Tuesday, June 30, 2009
Paquito Cordero, Puertorrican TV Pioneer, 1932-2009
We have been informed of death of another of our pioneers of the golden age of Puertorrican TV.
Francisco Cordero Baez, also known as Paquito Cordero, a tv comedian turned successful producer died today in San Juan, he was 73.
Cordero was born to Don Paco and Doña Berta Cordero in Santurce, Puerto Rico). Cordero attended Santurce Central High School upon finishing his primary and secondary education. He was a member of his high school's drama club and participated in its plays, where he discovered the art of comedy. Cordero was geatly influenced by his aunt on his father's side, Mapy Cortés. Mapy Cortés had moved to Mexico from Puerto Rico, where she became an actress. There she met and married Mexican actor, "Fernando Cortés". After Cordero graduated from high school, he enrolled and attended the University of Puerto Rico and married his childhood sweetheart, a hairdresser whom everyone knew as "Cuqui". With Cuqui he had three children, two girls and one boy.
Cordero auditioned for a role in a comedy skit which was transmitted through Radio El Mundo and was subsequently hired. He did this in his spare time. His aunt Mapy and her husband Fernando returned to the island and presented an idea for a comedy show to Mr. Angel Ramos, owner of El Mundo Enterprises. On March 28, 1954, Puerto Rico received its first television transmission from Angel Ramos' WKAQ-TV Telemundo Channel 2. Among the first comedy shows to go on the air was "Mapy Y Papi" with Mapy and Fernando Cortés, María Judith Franco and Paquito Cordero.
In order for Paquito to get "into" character, he had to smear black makeup on his face and hands. During this period in his life, he fell in love with one of the show's dancers, a young girl by the name of Nora. He soon divorced his first wife and asked Nora to marry him. She accepted and together they had a son, Santiago. Paquito and Nora remained happily married.
In the 1960s, Cordero formed his own production company which he named Paquito Cordero Productions, Inc. His younger sister, Bertita, became his assistant and eventually his younger brother, Jorge, would also join the company as a future co-producer. On January 11, 1965, Telemundo transmitted the first program produced by Paquito called "El Show de las 12" (The 12 O'Clock Show). The first show included appearances by El Gran Combo, Tito Lara, Los Hispanos, and Olga y Tony. It also included a section within the show, dedicated to the teenage crowd, called "Canta la Juventud" (Youth Sings). Among those taking part in this section were Alfred D. Herger and Puerto Rican teen idols Lucecita Benítez and Chucho Avellanet. "El Show de Las 12" was presented by Miguel Ángel Álvarez and Eddie Miró was the scriptwriter. The show was a success and was watched by over 80% of the population, becoming one of Puerto Rico's most beloved programs for over 40 years.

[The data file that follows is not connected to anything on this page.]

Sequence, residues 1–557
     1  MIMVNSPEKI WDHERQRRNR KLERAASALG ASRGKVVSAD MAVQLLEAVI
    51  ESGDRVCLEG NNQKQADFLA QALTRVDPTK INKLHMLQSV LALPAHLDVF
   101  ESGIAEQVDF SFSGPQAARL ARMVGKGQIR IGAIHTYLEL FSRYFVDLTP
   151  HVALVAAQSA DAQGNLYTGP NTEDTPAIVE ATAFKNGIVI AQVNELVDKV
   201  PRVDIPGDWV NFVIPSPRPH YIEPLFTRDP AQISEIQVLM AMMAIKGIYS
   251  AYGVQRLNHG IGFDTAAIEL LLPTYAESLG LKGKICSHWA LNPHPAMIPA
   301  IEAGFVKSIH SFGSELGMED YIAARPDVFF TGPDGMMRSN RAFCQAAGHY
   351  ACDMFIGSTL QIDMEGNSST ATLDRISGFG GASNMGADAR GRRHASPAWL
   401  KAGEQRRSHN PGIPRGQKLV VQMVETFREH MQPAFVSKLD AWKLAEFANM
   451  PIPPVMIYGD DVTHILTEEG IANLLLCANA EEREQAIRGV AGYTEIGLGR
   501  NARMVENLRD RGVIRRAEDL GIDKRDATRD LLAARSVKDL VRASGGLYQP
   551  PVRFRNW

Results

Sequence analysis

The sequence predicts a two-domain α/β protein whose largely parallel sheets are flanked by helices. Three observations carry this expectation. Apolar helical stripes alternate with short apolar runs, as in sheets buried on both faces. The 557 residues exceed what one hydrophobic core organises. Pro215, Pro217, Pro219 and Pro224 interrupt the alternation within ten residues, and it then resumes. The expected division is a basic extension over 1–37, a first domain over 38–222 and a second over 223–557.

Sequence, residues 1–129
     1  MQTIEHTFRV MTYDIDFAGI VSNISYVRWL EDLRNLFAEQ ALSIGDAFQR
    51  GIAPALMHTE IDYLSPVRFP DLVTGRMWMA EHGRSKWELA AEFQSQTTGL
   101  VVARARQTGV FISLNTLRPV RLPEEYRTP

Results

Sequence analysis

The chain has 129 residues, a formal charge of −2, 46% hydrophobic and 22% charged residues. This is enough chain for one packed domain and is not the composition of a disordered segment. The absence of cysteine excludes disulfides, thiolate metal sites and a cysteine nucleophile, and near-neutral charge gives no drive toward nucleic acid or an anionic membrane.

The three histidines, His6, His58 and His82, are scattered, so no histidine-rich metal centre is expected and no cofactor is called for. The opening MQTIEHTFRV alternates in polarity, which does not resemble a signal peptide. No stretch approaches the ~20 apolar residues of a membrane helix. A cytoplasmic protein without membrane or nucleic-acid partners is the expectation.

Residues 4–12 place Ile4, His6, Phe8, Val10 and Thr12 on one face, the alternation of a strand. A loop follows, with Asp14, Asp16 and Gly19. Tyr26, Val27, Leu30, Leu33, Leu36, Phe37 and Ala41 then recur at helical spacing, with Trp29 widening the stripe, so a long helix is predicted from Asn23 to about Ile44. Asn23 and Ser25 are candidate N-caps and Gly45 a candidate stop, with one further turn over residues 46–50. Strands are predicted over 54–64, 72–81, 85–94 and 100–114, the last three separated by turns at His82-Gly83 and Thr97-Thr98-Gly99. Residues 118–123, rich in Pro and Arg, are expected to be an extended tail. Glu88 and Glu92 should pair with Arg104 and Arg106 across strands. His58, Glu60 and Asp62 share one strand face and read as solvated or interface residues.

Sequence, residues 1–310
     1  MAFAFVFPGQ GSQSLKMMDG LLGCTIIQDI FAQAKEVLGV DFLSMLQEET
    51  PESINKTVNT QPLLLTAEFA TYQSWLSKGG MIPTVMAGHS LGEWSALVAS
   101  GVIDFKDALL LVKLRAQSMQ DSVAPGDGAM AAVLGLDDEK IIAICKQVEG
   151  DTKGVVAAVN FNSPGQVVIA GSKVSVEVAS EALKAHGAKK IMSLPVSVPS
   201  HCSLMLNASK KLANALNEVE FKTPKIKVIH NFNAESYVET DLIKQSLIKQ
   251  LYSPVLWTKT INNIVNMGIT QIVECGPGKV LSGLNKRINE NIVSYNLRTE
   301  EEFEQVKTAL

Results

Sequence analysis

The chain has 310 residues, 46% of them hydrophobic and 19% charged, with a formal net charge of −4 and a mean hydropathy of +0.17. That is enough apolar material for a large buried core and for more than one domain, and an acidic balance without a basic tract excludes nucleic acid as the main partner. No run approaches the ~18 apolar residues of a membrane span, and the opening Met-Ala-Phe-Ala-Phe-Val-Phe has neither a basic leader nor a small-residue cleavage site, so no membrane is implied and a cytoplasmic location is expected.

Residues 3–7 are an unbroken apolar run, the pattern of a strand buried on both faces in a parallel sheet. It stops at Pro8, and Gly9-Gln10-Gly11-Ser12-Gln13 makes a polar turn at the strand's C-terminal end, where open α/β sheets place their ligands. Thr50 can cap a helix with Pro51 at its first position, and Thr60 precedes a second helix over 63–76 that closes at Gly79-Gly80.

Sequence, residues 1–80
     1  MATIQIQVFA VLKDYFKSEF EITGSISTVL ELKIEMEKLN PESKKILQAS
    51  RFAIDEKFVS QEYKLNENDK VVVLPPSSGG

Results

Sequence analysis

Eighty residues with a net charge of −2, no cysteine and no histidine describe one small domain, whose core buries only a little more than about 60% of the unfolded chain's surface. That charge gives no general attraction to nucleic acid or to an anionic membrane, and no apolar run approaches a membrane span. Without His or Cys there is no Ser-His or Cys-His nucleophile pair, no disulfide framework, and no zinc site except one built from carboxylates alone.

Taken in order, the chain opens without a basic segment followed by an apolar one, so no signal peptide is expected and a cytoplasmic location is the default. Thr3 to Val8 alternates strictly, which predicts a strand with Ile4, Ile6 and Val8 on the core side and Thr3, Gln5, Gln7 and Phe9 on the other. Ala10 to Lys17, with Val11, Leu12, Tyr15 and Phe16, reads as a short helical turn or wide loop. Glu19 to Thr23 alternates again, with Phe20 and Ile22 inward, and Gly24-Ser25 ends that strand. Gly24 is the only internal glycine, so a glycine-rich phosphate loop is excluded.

Cordero also produced the following shows which were popular in Puerto Rico:
"El Show de las 12" with "Los Alegres Tres", Silvia, Chapuseaux y Damiron with Clarissa, Militza and Mary Stull.
"El Show Sultana", with "Los Hispanos", and Tito Lara
"2 a Go Go", with "Julio Angel" & "Tammy"
"Walter, las Estrellas Y Usted" (Walter, the Stars and You), with Walter Mercado
"Mi Hippie Me Encanta" (I love my hippie) with Luis Antonio Rivera: Yoyo Boing, Rosita Velazquez, Johanna Ferrán and Myrna de Casenave
"En Broma y en Serio" (Joking and Seriously), with Lou Briel, and Dagmar
"Su Estrella Favorita" (Your Favorite Star)
"El Show de Chucho", (Chucho's Show), with Chucho Avellanet"
"En Casa de Juanma y Wiwi", (In Juanma & Wiwis' Home), with Awilda Carbia, and Juan Manuel Lebron
"Estudio Alegre & Musicomedia", (Cheerful Studio & Musicomedy), with Otilio Warrington, Awilda Carbia, and Juan Manuel Lebron
"La Gente Joven de Menudo/Menudomania"
"Los Kakucómicos", with Adalberto Rodriguez, Machuchal, and Shorty Castro, among many others
"La Pensión de Doña Tere", (Lady Tere's Guesthouse), with Norma Candal, and
"Noche de Gala", (Gala Night Ball), with Eddie Miró, and in different periods of time co-hosted by, Marisol Malaret, Deborah Carthy-Deu, "Marilyn Pupo" and "Gilda Haddock".
On April 14, 1983, Telemundo was sold to John Blair and Co. and finally, in 2004 became part of the NBC Universal network. This led to many changes and one of the changes was the substitution of locally produced programs with programs produced in other countries such as Mexico.
On May 6, 2004, television producers Paquito Cordero and Tommy Muñiz received a special recognition on behalf of the House of Representatives of Puerto Rico as part of the celebration of the 50 years of uninterrupted transmisión on the Telemundo and Televicentro channels.
On February 25, 2005, Telemundo canceled Paquito Cordero's "El Show de las 12", the longest running television show in Puerto Rico. Telemundo no longer transmits locally produced television programs and thus, is no longer a source of income to the local artistic class.
On the last airing of the show, Eddie Miró took the microphone and said these words:
"Señoras y Señores..., "El Show de las 12" ha muerto"
("Ladies and Gentlemen..., "The 12 O'Clock Show" has died.")
"Señoras y Señores..., reflexionemos ante su deceso"
("Ladies and Gentlemen..., a moment of silence for the deceased")
In 2007, Paquito Cordero, began producing a remake of "Noche de Gala", (Gala Night Ball), broadcasted by WIPR-TV, Tu Universo Television, channel 6, with Deborah Carthy-Deu, as the host.
And so this bitter-sweet chapter in Puertorrican TV is closed forever.
Rest in Peace, Paquito.
Say hello to Vigoreaux, Tommy Muñiz and Don Cholito while you're at it!